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Steve Bellone running on his record as Suffolk County executive in bid for second term

Suffolk County Executive Steve Bellone pictured on Sept.

Suffolk County Executive Steve Bellone pictured on Sept. 17, 2015. Credit: Ed Betz

When Suffolk Democratic chairman Richard Schaffer introduced Steve Bellone at a fundraiser earlier this month, he told the crowd a poll the next day would show that "our great county executive holds a 33-point lead over his opponent."

But just as quickly, Schaffer told them to ignore it. "It's wonderful," said Schaffer, but added, "Take the page, turn it and forget about it. It doesn't mean a thing. . . . All that matters is who shows up on Election Day."

Bellone, 46, then took the podium at the Huntington Hilton and also warned the 350 backers not to be overconfident.

While saying the county has made "tremendous strides" in cutting a deficit of more than $500 million that he inherited, he warned of public dissatisfaction, fueled by Washington gridlock and "those watching the Donald Trump show."

"There's a frustration about government today, a frustration with politics that turns people off," Bellone said. "They feel in many ways government is not working."

As Bellone enters the final week of his campaign for re-election, he and his supporters are confident but not completely comfortable.

Bellone, of North Babylon, says he is running on his record that includes cutting 1,100 jobs from the county payroll, privatizing county health care centers and shutting the county nursing home to save money.

He says he has repaired tattered relations with Albany, freeing the county of $112 million in state-mandated spending on jail construction, and committed $383 million for sewers and shoreline protection.

However, Bellone after four years has yet to close the structural budget gap between county expenses and recurring revenues. In the past two weeks, a Wall Street rating agency downgraded county bonds. Also, sales tax revenues have come in under budget by $51.8 million, according to legislative budget analysts.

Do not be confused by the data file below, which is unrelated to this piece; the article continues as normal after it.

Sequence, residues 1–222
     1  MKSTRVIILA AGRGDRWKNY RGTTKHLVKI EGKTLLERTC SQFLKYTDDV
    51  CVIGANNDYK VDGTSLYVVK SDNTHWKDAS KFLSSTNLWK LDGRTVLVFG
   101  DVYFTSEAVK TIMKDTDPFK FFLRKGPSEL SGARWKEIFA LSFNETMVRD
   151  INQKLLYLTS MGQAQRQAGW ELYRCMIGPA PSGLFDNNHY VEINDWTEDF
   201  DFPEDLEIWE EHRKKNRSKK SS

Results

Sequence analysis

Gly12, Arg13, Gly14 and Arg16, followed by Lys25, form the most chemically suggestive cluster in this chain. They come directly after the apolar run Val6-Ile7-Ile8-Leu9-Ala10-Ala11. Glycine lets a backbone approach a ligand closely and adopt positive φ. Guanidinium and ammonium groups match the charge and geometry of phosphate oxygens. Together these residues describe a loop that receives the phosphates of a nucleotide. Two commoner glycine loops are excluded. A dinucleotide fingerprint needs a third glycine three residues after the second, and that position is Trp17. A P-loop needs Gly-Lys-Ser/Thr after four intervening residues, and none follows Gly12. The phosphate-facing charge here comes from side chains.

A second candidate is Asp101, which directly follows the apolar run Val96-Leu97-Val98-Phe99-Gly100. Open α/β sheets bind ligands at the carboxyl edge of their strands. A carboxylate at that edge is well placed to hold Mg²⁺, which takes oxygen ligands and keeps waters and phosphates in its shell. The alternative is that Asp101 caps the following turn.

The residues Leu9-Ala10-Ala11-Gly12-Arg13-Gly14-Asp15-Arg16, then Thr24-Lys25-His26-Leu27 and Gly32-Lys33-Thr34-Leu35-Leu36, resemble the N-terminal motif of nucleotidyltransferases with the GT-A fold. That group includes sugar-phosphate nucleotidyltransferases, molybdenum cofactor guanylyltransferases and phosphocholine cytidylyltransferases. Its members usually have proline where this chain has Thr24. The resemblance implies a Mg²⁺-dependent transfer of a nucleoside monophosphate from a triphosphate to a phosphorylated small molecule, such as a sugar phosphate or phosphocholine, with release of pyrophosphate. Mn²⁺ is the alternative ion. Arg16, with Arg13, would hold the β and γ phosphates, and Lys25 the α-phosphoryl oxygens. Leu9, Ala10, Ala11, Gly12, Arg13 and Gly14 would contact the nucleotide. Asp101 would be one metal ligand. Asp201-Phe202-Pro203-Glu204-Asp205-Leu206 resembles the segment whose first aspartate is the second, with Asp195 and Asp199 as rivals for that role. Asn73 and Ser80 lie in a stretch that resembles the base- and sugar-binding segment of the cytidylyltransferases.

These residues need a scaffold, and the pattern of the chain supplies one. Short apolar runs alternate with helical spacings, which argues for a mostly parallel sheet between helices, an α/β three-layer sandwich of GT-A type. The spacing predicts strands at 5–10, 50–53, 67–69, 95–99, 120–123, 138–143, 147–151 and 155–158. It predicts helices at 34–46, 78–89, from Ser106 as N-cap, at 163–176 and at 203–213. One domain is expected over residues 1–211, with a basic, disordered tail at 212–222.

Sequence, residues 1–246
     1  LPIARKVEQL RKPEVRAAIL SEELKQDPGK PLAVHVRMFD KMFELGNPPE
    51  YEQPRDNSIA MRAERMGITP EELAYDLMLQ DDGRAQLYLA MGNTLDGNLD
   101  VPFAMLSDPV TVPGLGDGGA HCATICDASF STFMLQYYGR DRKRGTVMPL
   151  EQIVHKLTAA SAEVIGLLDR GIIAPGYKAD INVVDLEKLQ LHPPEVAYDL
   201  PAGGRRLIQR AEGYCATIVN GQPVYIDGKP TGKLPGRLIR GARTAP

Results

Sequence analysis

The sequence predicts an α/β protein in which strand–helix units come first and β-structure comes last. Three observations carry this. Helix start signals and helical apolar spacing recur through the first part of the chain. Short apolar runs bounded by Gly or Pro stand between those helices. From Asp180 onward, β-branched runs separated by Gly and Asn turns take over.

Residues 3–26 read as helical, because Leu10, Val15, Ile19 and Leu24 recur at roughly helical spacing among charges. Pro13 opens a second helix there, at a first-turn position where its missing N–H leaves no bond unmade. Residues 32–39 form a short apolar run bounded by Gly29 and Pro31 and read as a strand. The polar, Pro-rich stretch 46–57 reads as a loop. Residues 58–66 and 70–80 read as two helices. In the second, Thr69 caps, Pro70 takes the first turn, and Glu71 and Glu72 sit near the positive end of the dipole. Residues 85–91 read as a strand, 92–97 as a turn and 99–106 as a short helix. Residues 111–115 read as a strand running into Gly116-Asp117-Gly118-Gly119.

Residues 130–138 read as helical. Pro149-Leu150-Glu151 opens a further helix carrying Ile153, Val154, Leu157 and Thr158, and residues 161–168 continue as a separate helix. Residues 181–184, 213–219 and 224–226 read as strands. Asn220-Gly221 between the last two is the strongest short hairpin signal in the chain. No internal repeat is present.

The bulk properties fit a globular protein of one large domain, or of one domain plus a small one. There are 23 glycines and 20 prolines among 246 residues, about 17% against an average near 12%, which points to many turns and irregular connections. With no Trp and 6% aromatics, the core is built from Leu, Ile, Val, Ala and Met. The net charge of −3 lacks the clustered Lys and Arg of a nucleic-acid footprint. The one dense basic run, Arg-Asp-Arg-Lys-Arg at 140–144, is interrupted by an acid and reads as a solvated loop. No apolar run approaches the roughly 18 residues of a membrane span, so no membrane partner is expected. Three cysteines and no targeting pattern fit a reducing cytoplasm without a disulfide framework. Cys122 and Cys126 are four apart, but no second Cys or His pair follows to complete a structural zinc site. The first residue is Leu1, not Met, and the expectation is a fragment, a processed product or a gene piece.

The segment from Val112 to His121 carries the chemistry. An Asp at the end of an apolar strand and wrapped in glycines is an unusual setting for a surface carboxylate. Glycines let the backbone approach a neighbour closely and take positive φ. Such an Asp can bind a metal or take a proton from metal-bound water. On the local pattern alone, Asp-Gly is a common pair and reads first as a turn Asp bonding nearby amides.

Bellone's Republican opponent, James O'Connor, has labeled him "Bellone the Borrower," and has assailed contracts with police unions that will raise detective annual salaries to $227,000 a year by 2020.

John Jay LaValle, Suffolk Republican chairman, says Bellone's budgeting has been a "complete catastrophe," relying on one-shot revenues and more than $200 million in borrowing to pay county pension costs.

A 'powerhouse' candidate

Bellone backers say his personal popularity and the fact that O'Connor, a former one-term North Hempstead town board member, has never run in Suffolk will make the county executive tough to beat.

"He's a powerhouse," Frank MacKay, state and Suffolk Independence Party chairman, said of Bellone. "Even in a Republican-leaning year, I don't think anyone really expects that he will have a troublesome race."

Bellone isn't without critics.

Some say that since taking office in 2012, Bellone sometimes has had trouble coping with the larger county government and a sometimes prickly legislature after years as Babylon supervisor with near total control of town government.

Some high-level county sources recalled that, early in his term, Bellone spent more time at a Panera Bread restaurant than in the office. Some in the H. Lee Dennison Building in Hauppauge, where Bellone has the top-floor suite of offices, have dubbed him "Bellone alone."

Some sources also say he has become embroiled in what they consider needless fights with his mentor Schaffer, past and present legislative presiding officers and various Republicans -- although the clashes seem less long-lasting and less personal than those his combative predecessor, Republican Steve Levy, engaged in.